Berkshire Hathaway Inc shareholders on Saturday celebrated Warren Buffett's 50th anniversary running the conglomerate, as the billionaire expressed optimism the company would thrive over the long haul, even after he is gone. Buffett and his second-in-command, Charlie Munger, fielded five hours of questions from shareholders, analysts and journalists at Berkshire's annual meeting, including some that criticized the business practices of firms that Berkshire owns or works with, such as Brazil's 3G Capital. Berkshire holds more than 80 companies including the Burlington Northern railroad, Geico car insurance, Benjamin Moore paint, Dairy Queen ice cream, Fruit of the Loom underwear, and See's candies, and owns more than $115 billion of stocks. Its breadth and depth, which includes $63.7 billion of cash, has given Berkshire a strong balance sheet that Buffett said will help it thrive should the economy, propped up by low interest rates that many expect to rise soon, heads south.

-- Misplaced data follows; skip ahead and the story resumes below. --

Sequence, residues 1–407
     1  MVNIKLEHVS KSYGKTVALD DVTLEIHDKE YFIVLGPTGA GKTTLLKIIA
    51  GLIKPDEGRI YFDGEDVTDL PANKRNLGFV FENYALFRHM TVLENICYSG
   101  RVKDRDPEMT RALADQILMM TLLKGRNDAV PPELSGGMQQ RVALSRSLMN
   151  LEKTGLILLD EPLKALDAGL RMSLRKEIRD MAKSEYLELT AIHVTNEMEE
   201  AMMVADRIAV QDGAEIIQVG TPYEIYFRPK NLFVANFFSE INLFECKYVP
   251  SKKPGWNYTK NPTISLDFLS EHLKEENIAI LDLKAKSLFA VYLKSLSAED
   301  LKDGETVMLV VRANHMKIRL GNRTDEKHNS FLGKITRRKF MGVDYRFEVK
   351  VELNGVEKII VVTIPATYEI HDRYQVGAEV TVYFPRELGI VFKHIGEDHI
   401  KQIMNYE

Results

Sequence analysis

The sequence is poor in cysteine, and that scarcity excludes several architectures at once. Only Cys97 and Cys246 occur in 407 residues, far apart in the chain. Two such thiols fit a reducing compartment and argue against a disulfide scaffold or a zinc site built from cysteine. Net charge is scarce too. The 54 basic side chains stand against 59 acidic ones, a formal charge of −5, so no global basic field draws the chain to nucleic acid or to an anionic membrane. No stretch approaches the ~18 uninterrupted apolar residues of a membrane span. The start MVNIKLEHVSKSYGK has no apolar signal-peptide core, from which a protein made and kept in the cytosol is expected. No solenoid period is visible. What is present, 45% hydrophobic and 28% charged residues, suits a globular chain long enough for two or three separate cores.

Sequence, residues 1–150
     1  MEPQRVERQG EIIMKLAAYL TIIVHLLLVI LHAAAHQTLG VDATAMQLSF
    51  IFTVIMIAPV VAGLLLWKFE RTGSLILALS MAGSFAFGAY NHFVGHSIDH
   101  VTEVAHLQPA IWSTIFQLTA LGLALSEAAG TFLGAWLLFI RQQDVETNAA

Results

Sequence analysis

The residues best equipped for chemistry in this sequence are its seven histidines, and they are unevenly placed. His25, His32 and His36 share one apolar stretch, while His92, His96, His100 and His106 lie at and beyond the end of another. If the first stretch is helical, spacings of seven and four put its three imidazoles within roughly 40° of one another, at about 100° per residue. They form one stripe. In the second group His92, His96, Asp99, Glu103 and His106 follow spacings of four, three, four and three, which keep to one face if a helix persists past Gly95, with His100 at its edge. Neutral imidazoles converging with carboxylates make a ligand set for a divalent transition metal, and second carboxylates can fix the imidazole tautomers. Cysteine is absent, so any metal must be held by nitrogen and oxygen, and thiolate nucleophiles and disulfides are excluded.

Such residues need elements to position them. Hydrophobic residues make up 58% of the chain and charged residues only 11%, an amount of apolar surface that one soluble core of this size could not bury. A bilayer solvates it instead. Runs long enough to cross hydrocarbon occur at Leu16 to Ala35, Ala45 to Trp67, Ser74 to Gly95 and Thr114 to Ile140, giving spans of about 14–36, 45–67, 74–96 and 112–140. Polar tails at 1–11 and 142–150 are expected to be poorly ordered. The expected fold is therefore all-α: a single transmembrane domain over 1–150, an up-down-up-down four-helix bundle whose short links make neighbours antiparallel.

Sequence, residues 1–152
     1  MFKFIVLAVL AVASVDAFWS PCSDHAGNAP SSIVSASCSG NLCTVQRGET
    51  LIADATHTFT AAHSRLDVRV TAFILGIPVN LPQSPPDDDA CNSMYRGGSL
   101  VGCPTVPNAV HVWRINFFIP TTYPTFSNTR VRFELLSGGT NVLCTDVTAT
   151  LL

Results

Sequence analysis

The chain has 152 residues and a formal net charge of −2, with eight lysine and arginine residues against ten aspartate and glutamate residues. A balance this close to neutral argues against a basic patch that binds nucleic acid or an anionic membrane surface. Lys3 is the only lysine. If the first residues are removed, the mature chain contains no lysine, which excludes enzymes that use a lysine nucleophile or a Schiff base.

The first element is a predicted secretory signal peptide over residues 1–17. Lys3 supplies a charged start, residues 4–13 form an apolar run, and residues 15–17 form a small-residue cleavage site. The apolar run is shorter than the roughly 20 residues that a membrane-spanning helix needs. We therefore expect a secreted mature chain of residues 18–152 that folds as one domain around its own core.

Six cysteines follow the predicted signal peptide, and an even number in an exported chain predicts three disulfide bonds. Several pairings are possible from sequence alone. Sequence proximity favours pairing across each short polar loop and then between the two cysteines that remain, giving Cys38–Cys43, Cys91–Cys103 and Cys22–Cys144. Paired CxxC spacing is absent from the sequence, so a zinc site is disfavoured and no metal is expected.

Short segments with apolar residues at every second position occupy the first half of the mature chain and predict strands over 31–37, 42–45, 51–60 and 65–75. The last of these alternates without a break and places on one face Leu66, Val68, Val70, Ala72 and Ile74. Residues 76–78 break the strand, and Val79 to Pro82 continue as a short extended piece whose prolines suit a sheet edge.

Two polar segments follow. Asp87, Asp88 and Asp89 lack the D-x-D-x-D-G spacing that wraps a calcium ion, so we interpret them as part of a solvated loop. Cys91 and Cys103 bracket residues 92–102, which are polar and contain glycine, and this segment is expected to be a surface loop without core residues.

McDonald's new Chief Executive Steve Easterbrook is set to unveil his plan on Monday to revive growth as the world's largest hamburger chain struggles to win back consumers and investors. He'll be aiming to persuade people such as Janna Sampson, co-chief investment officer at OakBrook Investments, which bought McDonald's (MCD.N) shares on the cheap more than a decade ago and eventually held more than 7 million shares as the company spiffed up its restaurants, improved service and expanded its menus with things like fancy coffee, salads and wrap sandwiches. The firm favors companies that dominate their industries, as McDonald's still does. Most financial analysts who cover McDonald's are on the sidelines.
Always top of the data pile, this week will be no exception for the U.S. jobs report with a first interest rate rise likely this year despite a dramatic slowdown in the first quarter. The Federal Reserve has put in place a meeting-by-meeting approach on the timing of its first rate hike since June 2006, making such a decision solely dependent on incoming economic data. "They will need better data to justify a rate hike, and that need is pushing the timing of a policy change ever-deeper into 2015," said Tim Duy, a professor at the University of Oregon and a noted Fed watcher. The Fed has kept rates near zero since late 2008.